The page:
Horvat Rimmon


Horvat Rimmon, or Khirbet um-er-Rummamim in Arabic (“ruin of the mother of the pomegranate”) is a site approximately 1 km south of Tell Halif. It lies on a knoll with gentle valleys surrounding it and a wide ridge running off to the northwest. In Byzantine times there was a Jewish village on this site. The most impressive building is still the synagogue, which must have once been very ornate, to judge by the intricate designs carved into stones still visible in the area. Other buildings and cellars have surrounded the synagogue. There are wine presses and cisterns on the hillsides. Graves dot the landscape. This Jewish village must have flourished during Byzantine times. Long after its demise Bedouin herders used the site up to the early 20th century, using the caves to keep their sheep and building animal enclosures out of the rocks of ancient buildings. The first picture shows of one of those carved stones.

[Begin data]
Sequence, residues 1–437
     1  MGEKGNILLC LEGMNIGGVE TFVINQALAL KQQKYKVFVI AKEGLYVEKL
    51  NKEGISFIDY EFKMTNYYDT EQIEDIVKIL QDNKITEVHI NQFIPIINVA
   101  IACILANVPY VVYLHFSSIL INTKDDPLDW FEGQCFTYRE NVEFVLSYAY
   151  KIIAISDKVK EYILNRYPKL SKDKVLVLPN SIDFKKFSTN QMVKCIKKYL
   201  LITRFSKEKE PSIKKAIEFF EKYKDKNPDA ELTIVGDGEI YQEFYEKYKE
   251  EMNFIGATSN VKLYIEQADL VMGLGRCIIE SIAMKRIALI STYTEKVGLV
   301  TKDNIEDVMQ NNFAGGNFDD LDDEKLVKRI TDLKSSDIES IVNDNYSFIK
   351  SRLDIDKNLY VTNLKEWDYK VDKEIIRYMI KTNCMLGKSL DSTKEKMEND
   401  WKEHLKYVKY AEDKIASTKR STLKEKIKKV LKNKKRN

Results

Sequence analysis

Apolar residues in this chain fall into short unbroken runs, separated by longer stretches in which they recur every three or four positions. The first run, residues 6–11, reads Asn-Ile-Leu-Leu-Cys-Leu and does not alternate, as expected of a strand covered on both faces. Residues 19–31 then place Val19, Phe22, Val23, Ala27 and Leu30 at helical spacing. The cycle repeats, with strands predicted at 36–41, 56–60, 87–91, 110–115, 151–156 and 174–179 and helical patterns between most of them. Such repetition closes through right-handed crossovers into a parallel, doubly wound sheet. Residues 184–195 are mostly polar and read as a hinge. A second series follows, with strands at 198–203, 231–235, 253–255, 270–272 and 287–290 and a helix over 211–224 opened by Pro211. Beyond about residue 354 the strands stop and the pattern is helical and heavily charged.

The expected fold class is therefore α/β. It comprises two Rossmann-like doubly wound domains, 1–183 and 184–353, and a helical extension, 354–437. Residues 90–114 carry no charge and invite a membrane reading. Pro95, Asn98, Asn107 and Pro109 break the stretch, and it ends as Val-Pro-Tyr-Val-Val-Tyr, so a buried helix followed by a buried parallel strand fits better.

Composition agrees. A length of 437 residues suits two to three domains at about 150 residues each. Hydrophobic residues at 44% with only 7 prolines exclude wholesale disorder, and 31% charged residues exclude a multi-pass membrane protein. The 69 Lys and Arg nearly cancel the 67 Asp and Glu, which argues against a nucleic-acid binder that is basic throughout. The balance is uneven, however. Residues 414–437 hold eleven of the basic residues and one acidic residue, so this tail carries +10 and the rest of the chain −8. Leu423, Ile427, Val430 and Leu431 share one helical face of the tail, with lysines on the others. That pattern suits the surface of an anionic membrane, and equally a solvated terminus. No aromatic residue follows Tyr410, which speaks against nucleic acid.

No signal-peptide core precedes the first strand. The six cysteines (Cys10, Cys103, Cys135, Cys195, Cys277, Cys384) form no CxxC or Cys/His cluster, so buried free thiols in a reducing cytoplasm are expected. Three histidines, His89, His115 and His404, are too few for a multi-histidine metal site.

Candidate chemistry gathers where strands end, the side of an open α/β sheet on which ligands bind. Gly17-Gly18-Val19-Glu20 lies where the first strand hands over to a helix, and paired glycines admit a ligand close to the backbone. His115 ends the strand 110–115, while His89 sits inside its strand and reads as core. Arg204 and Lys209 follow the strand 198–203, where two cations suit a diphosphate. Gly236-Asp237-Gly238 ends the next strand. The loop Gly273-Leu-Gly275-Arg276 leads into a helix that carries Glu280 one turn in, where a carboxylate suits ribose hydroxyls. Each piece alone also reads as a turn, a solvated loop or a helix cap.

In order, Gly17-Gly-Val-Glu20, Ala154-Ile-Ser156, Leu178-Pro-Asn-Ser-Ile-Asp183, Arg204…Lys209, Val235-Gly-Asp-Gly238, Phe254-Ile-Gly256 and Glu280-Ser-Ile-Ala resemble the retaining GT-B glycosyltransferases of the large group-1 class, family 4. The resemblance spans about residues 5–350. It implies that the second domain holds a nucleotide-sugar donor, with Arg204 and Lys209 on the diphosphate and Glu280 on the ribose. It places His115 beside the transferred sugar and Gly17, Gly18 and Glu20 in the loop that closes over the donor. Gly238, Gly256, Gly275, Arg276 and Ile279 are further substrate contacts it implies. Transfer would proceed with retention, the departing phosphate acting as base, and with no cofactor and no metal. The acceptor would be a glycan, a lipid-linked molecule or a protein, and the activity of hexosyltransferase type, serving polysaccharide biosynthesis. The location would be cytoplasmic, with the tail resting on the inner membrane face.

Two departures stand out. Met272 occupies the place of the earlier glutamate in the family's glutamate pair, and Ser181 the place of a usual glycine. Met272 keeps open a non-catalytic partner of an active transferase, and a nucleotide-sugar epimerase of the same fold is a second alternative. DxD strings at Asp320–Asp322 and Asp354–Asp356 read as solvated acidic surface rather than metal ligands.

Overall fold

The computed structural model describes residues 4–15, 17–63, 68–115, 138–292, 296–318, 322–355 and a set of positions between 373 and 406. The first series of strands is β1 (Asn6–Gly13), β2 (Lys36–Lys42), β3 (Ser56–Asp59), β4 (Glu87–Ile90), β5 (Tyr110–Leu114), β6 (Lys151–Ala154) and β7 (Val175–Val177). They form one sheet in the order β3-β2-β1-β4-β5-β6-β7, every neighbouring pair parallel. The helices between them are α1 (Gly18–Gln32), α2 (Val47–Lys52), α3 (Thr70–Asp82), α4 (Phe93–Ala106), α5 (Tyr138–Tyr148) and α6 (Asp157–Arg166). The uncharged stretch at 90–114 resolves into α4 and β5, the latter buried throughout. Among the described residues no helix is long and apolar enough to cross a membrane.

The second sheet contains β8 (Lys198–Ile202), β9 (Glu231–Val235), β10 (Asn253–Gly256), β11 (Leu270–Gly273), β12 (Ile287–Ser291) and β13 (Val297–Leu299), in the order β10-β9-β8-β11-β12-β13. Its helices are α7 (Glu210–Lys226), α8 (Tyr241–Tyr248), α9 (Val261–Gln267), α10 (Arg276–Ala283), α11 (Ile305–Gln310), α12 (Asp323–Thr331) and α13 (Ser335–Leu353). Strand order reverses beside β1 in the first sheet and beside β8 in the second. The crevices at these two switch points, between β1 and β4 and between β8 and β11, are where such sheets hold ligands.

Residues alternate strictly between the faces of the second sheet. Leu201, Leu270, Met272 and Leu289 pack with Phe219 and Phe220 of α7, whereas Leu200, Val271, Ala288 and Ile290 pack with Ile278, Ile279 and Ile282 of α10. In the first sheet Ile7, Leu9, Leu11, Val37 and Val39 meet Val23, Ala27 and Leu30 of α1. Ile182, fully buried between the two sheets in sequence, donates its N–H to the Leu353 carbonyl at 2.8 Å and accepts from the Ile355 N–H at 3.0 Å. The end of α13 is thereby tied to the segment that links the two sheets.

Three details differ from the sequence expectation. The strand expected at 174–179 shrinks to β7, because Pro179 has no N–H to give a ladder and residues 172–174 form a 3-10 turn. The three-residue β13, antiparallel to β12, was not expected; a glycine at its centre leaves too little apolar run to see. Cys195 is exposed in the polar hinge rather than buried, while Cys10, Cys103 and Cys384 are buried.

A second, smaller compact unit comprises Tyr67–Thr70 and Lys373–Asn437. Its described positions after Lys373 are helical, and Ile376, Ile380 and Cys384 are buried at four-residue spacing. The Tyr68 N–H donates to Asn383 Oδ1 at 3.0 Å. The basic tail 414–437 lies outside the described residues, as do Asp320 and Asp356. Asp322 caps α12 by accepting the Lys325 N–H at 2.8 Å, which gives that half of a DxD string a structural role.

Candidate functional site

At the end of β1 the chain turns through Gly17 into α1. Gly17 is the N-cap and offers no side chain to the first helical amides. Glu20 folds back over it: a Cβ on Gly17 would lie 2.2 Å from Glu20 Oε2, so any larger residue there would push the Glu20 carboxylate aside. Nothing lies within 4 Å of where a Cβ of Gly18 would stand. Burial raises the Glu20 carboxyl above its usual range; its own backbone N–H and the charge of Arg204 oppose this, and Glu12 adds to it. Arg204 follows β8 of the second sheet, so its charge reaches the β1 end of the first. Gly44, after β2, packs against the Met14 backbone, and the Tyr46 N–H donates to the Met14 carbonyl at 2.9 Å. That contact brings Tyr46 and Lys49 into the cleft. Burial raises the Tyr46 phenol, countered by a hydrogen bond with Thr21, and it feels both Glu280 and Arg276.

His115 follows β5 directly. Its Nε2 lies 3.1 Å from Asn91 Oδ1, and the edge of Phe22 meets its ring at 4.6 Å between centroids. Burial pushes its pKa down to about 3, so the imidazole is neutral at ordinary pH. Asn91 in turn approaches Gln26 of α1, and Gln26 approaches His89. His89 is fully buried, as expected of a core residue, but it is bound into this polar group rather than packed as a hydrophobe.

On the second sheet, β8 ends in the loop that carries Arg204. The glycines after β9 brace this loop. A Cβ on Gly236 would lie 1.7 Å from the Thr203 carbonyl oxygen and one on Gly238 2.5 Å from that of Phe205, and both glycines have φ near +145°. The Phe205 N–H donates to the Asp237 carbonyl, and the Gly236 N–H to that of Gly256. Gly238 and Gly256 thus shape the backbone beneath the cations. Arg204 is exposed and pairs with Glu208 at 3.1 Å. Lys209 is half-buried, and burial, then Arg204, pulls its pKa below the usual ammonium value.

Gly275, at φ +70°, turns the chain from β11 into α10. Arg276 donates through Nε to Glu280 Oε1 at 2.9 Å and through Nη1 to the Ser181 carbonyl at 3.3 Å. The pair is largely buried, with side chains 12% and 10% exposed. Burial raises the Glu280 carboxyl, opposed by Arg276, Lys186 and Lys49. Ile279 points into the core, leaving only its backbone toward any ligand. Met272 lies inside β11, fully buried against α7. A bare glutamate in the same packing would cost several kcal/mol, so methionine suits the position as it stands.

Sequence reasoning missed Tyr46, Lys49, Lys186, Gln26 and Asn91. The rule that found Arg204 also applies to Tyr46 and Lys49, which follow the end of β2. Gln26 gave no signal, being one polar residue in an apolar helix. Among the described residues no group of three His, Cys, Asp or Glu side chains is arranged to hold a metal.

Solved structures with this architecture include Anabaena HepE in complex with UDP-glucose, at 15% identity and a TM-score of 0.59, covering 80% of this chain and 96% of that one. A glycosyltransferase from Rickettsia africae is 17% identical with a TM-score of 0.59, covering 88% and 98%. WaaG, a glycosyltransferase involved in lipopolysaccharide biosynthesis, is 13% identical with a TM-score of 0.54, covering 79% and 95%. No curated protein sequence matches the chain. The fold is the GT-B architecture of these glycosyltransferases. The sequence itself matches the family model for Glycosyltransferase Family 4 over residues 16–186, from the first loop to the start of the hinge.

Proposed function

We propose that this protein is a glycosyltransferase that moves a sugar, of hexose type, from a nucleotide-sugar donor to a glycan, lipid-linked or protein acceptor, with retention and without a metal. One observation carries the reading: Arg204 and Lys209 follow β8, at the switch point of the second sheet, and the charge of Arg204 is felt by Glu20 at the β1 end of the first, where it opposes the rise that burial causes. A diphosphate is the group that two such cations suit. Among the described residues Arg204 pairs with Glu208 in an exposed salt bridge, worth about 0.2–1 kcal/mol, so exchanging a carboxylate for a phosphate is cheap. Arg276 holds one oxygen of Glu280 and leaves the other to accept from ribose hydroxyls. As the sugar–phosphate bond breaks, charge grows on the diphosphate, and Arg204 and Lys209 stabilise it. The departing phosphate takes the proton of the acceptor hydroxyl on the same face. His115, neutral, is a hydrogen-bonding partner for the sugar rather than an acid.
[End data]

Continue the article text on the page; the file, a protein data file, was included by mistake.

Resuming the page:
The site was excavated in the 1980s by Amos Kloner. In particular, the extent of the synagogue was exposed (large building at center in above picture). It also became clear that the site was not occupied before the Hellenistic period. The door frames of many cellars, later used as caves for sheep are still standing.

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This entry was posted in Archaeology, artifacts, excavations, Judah, Tell Halif and tagged , , , , , , , . Bookmark the permalink.

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